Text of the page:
|Author:||Sorting Last Post on Top Message:|
Healthy food choices:
veggies, fruits, whole meats (nothing added), healthy oils, nuts, seed, pure dairy
Easy meal ideas with fast food (FF) options:
breakfasts: greek yogurt and fresh fruit, any vegetalbe/fruit smoothie
lunches: grilled chicken salad (pick out croutons or any non-veggies) , bunless sandwich from any ff restaurant (with fork and a salad)
dinner: steambag frozen vegetables, frozen chicken breast (just microwave til cooked then top with salsa), rotisserie chicken from grocery or Boston Market, lettuce wrap from Jimmy Johns
snacks: string cheese, fresh veggies, fresh fruits, plain greek yogurt, oven-roasted turkey breast deli slices, raw almonds (about 23), turkey bacon
"For God so loved the world that he gave his one and only Son, that whoever believes in him shall not perish but have eternal life." John 3:16
ICEDEMETER Posts: 945
6/10/13 11:19 A
If you want to make changes that will last a lifetime, then the others are right that it's best to start with small changes and let them add up over time. You didn't get where you are overnight, so plan on it taking as long as it takes, with the idea that all is well so long as you are heading in the right direction. You'll find it a lot easier if you get your family on board with you, so finding ways to involve the kids in the changes will help head off any arguments with them.
The very first thing to do is to get all of your info in to SparkPeople and get a calorie and nutrient range set for your goal. Be realistic about what your exercise will be every week, and be realistic about your time-frame. Also think about tracking a few key nutrients (iron, folate, calcium, potassium, sodium, or fibre, for example) as these will give you a good idea of how "healthy" your overall diet is. Just track what you are actually eating and doing for a couple of weeks so that you have a realistic idea of where you're starting from --- the ranges given by Spark will show you where you need to make changes to be where you want to be.
Next, I would start by changing one meal at a time. Maybe start with snacks, and start with having veggies (baby carrots, celery, cherry tomatoes, snap peas) that have a satisfying crunch and are fast and easy to grab. Buy some hummus (or make some), or guacamole (or make some), or yogurt dip to have with the veggies and add some healthy fats and protein for a more satisfying snack. Have popcorn instead of chips, and start playing around with different toppings for it (there are some great spice mix recommendations around for BBQ flavour, or salt & vinegar, or garlic & parmesan for example).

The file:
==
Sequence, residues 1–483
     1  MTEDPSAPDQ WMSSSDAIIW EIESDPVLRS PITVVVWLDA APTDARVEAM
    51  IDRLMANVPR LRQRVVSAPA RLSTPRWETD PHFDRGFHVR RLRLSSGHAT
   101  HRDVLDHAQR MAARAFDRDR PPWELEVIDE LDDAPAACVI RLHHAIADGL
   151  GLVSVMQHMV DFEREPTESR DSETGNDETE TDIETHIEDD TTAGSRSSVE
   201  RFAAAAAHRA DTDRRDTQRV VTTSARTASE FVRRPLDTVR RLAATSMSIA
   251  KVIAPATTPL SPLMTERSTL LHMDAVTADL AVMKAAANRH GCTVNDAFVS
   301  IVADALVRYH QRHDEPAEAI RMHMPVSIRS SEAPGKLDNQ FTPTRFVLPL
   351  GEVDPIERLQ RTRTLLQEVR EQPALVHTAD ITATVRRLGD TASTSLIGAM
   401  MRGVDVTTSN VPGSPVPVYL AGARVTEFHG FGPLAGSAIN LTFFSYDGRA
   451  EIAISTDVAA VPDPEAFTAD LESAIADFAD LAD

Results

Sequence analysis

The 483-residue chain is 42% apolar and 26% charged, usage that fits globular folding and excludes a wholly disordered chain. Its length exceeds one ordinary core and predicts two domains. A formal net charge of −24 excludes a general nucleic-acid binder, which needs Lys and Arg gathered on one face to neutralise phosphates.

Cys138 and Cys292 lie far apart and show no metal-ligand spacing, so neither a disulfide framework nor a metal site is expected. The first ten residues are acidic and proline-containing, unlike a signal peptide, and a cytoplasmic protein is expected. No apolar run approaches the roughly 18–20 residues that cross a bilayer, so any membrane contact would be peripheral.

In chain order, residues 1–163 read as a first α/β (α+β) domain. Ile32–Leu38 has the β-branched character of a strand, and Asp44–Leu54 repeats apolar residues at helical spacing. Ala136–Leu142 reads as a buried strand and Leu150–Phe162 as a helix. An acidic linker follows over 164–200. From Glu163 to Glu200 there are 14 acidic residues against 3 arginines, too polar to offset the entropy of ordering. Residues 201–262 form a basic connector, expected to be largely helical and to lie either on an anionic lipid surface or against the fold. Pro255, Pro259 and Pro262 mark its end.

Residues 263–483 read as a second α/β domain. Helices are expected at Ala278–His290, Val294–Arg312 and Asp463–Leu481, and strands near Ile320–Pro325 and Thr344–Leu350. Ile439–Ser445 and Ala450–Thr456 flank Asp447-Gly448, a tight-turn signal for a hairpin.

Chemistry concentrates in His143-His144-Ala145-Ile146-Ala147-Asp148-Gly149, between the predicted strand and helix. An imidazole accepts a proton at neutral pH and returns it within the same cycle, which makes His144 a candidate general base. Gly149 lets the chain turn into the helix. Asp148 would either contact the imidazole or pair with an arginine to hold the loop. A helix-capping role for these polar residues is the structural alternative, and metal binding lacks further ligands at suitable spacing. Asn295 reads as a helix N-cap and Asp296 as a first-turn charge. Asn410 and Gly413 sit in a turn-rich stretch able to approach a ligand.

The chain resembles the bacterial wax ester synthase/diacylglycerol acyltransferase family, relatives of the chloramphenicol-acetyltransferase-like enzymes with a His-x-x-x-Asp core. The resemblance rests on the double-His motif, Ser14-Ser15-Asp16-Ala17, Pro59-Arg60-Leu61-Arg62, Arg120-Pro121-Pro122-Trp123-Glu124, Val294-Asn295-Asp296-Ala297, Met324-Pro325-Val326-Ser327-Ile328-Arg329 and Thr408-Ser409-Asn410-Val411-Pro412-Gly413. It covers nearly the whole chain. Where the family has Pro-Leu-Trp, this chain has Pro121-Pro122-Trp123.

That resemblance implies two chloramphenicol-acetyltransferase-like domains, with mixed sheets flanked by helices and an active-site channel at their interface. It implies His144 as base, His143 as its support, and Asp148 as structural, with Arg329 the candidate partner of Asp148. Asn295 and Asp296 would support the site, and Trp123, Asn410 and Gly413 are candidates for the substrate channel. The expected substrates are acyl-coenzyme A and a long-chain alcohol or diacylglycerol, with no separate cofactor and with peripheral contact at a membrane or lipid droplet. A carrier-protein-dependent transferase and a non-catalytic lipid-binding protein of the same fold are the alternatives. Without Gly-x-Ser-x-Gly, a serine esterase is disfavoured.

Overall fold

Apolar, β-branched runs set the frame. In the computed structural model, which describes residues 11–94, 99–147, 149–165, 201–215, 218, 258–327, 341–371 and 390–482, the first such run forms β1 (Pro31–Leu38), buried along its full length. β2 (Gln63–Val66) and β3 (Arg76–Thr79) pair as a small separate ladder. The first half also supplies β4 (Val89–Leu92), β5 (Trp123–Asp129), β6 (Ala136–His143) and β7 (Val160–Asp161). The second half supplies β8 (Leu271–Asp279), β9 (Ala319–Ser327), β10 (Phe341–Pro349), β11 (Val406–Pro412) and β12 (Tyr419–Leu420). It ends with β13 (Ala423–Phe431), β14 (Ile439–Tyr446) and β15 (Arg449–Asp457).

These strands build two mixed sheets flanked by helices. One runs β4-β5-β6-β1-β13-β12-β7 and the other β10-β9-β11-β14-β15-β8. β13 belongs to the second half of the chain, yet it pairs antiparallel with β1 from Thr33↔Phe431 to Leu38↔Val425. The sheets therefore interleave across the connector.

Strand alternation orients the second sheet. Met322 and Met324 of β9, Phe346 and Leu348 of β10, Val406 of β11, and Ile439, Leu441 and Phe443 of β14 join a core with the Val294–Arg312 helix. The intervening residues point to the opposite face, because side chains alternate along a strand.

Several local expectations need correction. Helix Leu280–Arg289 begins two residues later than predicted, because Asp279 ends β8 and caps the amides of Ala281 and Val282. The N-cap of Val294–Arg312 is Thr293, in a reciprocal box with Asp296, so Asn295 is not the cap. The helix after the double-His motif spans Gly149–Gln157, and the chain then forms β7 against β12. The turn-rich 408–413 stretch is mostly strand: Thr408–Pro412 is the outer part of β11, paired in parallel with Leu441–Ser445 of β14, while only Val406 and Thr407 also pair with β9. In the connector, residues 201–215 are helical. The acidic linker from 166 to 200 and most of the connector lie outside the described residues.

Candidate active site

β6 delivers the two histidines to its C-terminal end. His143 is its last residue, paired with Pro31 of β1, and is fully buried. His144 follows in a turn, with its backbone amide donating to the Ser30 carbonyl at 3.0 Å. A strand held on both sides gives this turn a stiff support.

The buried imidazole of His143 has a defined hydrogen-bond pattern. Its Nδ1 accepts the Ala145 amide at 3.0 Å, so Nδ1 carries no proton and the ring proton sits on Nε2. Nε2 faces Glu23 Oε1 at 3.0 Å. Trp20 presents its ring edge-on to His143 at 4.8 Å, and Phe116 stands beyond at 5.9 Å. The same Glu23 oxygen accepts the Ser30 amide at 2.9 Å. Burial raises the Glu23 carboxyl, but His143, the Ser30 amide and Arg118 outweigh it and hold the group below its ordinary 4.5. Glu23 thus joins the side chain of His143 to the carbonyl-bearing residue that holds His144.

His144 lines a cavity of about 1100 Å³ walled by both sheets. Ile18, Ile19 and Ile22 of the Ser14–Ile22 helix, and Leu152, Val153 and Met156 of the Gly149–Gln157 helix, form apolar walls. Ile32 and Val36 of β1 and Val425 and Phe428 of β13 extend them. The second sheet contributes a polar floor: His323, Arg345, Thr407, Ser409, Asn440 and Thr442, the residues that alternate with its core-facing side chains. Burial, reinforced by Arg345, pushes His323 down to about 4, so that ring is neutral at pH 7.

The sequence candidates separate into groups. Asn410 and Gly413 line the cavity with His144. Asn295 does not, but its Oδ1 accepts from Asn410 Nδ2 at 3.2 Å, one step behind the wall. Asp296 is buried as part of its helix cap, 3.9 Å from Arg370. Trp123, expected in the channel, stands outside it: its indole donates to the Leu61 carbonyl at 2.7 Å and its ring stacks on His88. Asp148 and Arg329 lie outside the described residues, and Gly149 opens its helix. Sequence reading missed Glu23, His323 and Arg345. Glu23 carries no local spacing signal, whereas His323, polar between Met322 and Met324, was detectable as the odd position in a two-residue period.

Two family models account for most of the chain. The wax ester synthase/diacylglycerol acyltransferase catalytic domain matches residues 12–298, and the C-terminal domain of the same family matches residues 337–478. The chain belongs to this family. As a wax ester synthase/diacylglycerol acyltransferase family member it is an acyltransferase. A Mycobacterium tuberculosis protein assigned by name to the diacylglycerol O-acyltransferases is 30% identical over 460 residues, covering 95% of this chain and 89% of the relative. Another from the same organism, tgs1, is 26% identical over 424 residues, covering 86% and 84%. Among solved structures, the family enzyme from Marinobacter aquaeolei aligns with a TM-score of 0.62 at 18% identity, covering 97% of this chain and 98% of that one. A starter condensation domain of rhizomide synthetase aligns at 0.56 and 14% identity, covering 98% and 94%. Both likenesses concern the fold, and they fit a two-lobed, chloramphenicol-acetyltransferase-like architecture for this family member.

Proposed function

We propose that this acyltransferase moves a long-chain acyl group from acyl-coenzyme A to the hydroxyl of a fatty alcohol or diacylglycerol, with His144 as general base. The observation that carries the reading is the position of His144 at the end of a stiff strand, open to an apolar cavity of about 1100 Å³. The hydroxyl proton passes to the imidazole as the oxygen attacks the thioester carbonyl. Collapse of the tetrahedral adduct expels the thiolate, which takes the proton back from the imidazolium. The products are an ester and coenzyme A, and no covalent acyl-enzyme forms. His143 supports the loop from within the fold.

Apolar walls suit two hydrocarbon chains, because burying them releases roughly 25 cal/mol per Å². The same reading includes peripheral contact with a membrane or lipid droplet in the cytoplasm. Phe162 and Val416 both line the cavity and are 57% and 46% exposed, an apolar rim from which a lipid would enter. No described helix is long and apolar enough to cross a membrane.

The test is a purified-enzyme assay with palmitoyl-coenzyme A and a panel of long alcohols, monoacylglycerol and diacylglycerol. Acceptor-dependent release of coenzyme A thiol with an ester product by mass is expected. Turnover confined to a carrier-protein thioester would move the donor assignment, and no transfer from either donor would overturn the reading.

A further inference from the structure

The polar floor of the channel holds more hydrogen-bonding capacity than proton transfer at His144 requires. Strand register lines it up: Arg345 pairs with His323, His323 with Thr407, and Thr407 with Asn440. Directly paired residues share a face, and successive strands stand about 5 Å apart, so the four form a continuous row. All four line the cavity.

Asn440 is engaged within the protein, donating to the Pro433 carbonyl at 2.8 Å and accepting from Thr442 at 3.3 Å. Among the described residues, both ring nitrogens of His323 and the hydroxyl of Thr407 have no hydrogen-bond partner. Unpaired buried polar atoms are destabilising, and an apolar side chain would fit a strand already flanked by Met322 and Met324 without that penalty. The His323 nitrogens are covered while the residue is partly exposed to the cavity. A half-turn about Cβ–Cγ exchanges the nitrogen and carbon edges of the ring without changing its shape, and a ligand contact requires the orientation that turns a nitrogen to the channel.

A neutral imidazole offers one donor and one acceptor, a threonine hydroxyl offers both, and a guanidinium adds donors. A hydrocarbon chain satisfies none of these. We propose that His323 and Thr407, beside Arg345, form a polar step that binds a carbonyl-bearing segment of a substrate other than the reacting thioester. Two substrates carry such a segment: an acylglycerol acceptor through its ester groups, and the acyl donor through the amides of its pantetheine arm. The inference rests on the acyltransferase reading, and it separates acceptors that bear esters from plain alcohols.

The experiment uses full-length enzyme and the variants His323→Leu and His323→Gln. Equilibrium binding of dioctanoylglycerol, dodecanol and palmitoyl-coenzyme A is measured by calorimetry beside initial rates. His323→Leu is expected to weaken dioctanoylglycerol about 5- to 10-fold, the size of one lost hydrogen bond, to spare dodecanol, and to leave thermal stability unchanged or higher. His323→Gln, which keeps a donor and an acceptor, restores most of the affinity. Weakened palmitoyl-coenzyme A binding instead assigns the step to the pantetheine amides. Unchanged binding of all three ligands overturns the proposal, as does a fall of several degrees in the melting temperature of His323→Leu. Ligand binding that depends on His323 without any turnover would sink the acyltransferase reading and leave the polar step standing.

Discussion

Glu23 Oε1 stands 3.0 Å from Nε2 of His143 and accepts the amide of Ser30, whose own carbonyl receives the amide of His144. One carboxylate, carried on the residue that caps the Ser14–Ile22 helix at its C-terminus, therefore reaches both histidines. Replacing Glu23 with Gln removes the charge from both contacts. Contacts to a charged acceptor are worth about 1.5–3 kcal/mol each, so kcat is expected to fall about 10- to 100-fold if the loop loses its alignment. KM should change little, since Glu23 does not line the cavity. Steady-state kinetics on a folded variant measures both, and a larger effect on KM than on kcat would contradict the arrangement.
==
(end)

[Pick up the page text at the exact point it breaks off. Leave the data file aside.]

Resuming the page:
Once you and the family are settled with that change, then maybe have a look at breakfasts. You don't do eggs, but there's nothing wrong with overnight oatmeal (really quick and easy to do, and you can have different fruits or veg in it every day so that you get some fun variety for you and the kids), or with whole-grain toast with peanut butter or cheese and a fruit. If you are stuck inside on a rainy day with the kids, then maybe try baking some healthy muffins with them (banana muffins made with rolled oats, oat bran, whole wheat flour and yogurt, for example). These are easy to freeze, and can be pulled out for a quick and healthy breakfast or snack later. There are some pretty healthy cereal choices out there, too, that can make a great breakfast with some milk and fruit. Don't be afraid to step out of the "breakfast food" rut, and have leftovers from dinner for breakfast sometimes!
When you get to lunches, then have a look at what you consider a good and filling lunch and see what you can tweak. Instead of a massive sandwich and chips, maybe look at using a whole-grain wrap or lettuce leaf to hold the sandwich filling, and replace the chips with veggies. Try putting your sandwich meat in a salad that has different greens, a sprinkle of cheese, some nuts, and a healthier dressing on it. Soups can be great, even purchased ones (if you're careful about what you find on the nutrition label). Add a bunch of different veggies to a store-bought soup, along with some extra water, and you'll drop the sodium while adding a lot of nutrition.